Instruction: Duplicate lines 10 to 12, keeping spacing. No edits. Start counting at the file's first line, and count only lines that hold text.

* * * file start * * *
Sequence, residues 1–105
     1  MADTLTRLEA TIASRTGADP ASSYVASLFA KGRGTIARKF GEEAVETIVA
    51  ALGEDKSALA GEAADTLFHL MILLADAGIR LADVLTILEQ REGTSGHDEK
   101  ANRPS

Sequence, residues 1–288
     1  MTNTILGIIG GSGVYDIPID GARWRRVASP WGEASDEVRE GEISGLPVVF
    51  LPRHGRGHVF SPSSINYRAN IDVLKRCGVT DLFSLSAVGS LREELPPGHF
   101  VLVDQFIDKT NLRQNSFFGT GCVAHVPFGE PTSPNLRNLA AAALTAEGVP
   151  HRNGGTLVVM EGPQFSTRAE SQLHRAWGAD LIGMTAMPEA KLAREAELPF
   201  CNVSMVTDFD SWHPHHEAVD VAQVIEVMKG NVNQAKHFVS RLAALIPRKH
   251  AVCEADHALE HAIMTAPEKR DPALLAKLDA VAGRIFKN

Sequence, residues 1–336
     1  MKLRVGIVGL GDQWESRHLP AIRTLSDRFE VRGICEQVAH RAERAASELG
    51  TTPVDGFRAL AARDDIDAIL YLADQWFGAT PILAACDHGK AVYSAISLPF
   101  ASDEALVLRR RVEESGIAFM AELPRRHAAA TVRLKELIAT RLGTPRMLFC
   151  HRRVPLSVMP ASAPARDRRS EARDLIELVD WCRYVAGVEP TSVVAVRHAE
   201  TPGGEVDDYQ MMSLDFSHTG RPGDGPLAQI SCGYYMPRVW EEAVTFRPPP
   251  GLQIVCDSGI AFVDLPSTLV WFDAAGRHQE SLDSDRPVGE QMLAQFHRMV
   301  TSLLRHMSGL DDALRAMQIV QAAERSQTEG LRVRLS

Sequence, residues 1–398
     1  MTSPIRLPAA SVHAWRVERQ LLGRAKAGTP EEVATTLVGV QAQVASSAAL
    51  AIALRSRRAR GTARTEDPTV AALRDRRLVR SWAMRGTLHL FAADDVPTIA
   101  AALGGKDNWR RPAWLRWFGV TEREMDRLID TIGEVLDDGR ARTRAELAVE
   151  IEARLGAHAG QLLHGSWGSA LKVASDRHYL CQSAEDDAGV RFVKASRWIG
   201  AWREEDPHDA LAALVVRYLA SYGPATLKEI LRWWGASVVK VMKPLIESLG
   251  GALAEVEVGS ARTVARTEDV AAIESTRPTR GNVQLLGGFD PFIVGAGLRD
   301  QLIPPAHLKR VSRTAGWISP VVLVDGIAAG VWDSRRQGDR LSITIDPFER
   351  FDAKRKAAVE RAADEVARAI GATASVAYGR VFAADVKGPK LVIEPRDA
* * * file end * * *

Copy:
   201  CNVSMVTDFD SWHPHHEAVD VAQVIEVMKG NVNQAKHFVS RLAALIPRKH
   251  AVCEADHALE HAIMTAPEKR DPALLAKLDA VAGRIFKN

Sequence, residues 1–336